The Silica-Water Interface from the Analysis of Molecular Dynamic Simulations

Handle URI:
http://hdl.handle.net/10754/293859
Title:
The Silica-Water Interface from the Analysis of Molecular Dynamic Simulations
Authors:
Lardhi, Sheikha F. ( 0000-0001-9061-8397 )
Abstract:
Surface chemistry is an emerging field that can give detailed insight about the elec- tronic properties and the interaction of complex material surfaces with their neigh- bors. This is for both solid-solid and solid-liquid interfaces. Among the latter class, the silica-water interface plays a major role in nature. Silica is among the most abundant materials on earth, as well in advanced technological applications such as catalysis and nanotechnology. This immediately indicates the relevance of a detailed understanding of the silica-water interface. In this study, we investigate the details of this interaction at microscopic level by analyzing trajectories obtained with ab initio molecular dynamic simulations. The system we consider consists of bulk liquid water confined between two β-cristobalite silica surfaces. The molecular dynamics were generated with the CP2K, an ab initio molecular dynamic simulation tool. The simulations are 25 picoseconds long, and the CP2K program was run on 64 cores on a supercomputer cluster. During the simulations the program integrates Newton’s equations of motion for the system and generates the trajectory for analysis. For analysis, we focused on the following properties that characterize the silica water interface. We calculated the density profile of the water layers from the silica surface, and we also calculated the radial distribution function (RDF) of the hydrogen bond at the silanols on the silica surface. The main focus of this thesis is to write the programs for calculating the atom density profile and the RDF from the generated MD trajectories. The atomic probability density profile shows that water is strongly adsorbed on the (001) cristobalite surface, while the RDF indicates differently ad- sorbed water molecules in the first adsorption layer. As final remark, the protocol and the tools developed in this thesis can be applied to the study of basically any crystal-water interface.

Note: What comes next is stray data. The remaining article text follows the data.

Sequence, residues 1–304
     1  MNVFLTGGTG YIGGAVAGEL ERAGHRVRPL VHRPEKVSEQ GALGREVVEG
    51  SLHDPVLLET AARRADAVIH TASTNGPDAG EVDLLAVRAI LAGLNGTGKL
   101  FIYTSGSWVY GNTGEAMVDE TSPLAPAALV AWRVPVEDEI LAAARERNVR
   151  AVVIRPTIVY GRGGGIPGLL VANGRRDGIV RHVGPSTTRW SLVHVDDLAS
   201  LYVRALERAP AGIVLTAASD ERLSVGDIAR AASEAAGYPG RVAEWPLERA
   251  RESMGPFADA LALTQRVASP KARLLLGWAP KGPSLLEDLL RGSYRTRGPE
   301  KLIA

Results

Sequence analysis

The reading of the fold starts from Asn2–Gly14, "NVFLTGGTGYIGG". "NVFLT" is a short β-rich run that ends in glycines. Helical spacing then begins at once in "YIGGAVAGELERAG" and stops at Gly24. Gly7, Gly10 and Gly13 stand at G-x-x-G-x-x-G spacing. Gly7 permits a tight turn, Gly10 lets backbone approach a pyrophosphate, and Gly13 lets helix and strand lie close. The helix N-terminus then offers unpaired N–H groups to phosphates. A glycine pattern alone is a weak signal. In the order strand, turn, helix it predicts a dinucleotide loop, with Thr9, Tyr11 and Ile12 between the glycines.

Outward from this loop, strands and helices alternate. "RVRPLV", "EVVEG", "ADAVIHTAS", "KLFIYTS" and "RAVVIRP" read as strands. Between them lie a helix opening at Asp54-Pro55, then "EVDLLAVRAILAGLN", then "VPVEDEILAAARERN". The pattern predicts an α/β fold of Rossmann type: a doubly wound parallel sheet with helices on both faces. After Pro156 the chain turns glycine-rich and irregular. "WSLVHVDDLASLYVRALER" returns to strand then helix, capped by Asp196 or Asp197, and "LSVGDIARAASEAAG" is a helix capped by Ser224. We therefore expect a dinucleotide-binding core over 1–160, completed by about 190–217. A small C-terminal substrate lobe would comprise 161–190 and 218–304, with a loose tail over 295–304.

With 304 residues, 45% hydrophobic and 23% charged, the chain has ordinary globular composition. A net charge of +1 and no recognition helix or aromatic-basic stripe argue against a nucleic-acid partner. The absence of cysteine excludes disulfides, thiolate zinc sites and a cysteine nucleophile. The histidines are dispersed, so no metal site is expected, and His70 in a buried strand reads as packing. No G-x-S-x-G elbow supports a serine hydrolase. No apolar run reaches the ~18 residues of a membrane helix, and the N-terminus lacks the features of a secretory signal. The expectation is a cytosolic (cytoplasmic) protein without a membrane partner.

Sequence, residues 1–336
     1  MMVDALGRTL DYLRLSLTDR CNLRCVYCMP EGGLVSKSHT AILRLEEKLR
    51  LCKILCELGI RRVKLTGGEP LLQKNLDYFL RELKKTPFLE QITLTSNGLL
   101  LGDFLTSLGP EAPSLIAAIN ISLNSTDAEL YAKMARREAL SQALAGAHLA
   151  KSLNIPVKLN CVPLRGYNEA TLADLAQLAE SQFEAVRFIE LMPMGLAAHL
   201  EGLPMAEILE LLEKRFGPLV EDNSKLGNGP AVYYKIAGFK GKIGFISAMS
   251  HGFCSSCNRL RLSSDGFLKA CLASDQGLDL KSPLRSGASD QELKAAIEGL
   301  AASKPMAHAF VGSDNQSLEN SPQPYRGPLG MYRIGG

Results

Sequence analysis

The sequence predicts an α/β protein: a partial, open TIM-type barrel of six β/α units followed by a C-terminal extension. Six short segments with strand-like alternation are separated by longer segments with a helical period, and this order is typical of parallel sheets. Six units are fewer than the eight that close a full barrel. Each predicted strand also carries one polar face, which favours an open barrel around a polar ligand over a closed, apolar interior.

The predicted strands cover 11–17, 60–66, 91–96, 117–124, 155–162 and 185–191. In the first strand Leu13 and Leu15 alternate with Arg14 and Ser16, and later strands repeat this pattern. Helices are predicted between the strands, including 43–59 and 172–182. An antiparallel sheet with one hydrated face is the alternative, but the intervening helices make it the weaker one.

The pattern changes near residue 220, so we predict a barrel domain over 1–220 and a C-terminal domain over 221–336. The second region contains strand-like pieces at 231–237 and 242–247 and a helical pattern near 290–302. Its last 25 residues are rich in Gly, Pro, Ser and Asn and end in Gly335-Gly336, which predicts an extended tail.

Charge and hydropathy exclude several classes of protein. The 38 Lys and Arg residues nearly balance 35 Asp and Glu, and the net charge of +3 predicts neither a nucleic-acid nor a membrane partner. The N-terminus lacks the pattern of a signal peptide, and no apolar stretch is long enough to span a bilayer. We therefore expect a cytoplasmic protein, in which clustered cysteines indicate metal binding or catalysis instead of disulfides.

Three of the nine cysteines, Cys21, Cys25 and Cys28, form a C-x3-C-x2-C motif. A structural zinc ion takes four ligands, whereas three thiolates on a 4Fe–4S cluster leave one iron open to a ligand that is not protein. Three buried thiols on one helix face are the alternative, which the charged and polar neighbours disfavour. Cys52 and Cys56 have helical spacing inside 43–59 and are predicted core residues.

Advisors:
Cavallo, Luigi ( 0000-0002-1398-338X )
Committee Member:
Keyes, David E. ( 0000-0002-4052-7224 ) ; Moshkov, Mikhail ( 0000-0003-0085-9483 )
KAUST Department:
Computer, Electrical and Mathematical Sciences and Engineering (CEMSE) Division
Program:
Computer Science
Issue Date:
May-2013
Type:
Thesis
Appears in Collections:
Theses; Computer Science Program; Computer, Electrical and Mathematical Sciences and Engineering (CEMSE) Division

Full metadata record

DC FieldValue Language
dc.contributor.advisorCavallo, Luigien
dc.contributor.authorLardhi, Sheikha F.en
dc.date.accessioned2013-06-12T09:29:41Z-
dc.date.available2013-06-12T09:29:41Z-
dc.date.issued2013-05en
dc.identifier.urihttp://hdl.handle.net/10754/293859en
dc.description.abstractSurface chemistry is an emerging field that can give detailed insight about the elec- tronic properties and the interaction of complex material surfaces with their neigh- bors. This is for both solid-solid and solid-liquid interfaces. Among the latter class, the silica-water interface plays a major role in nature. Silica is among the most abundant materials on earth, as well in advanced technological applications such as catalysis and nanotechnology. This immediately indicates the relevance of a detailed understanding of the silica-water interface. In this study, we investigate the details of this interaction at microscopic level by analyzing trajectories obtained with ab initio molecular dynamic simulations. The system we consider consists of bulk liquid water confined between two β-cristobalite silica surfaces. The molecular dynamics were generated with the CP2K, an ab initio molecular dynamic simulation tool. The simulations are 25 picoseconds long, and the CP2K program was run on 64 cores on a supercomputer cluster. During the simulations the program integrates Newton’s equations of motion for the system and generates the trajectory for analysis. For analysis, we focused on the following properties that characterize the silica water interface. We calculated the density profile of the water layers from the silica surface, and we also calculated the radial distribution function (RDF) of the hydrogen bond at the silanols on the silica surface. The main focus of this thesis is to write the programs for calculating the atom density profile and the RDF from the generated MD trajectories. The atomic probability density profile shows that water is strongly adsorbed on the (001) cristobalite surface, while the RDF indicates differently ad- sorbed water molecules in the first adsorption layer. As final remark, the protocol and the tools developed in this thesis can be applied to the study of basically any crystal-water interface.en
dc.language.isoenen
dc.subjectmolecularen
dc.subjectdynamicsen
dc.subjecthydrogenen
dc.subjectsilicaen
dc.subjectsimulationen
dc.titleThe Silica-Water Interface from the Analysis of Molecular Dynamic Simulationsen
dc.typeThesisen
dc.contributor.departmentComputer, Electrical and Mathematical Sciences and Engineering (CEMSE) Divisionen
thesis.degree.grantorKing Abdullah University of Science and Technologyen_GB
dc.contributor.committeememberKeyes, David E.en
dc.contributor.committeememberMoshkov, Mikhailen
thesis.degree.disciplineComputer Scienceen
thesis.degree.nameMaster of Scienceen
dc.person.id118458en
All Items in KAUST are protected by copyright, with all rights reserved, unless otherwise indicated.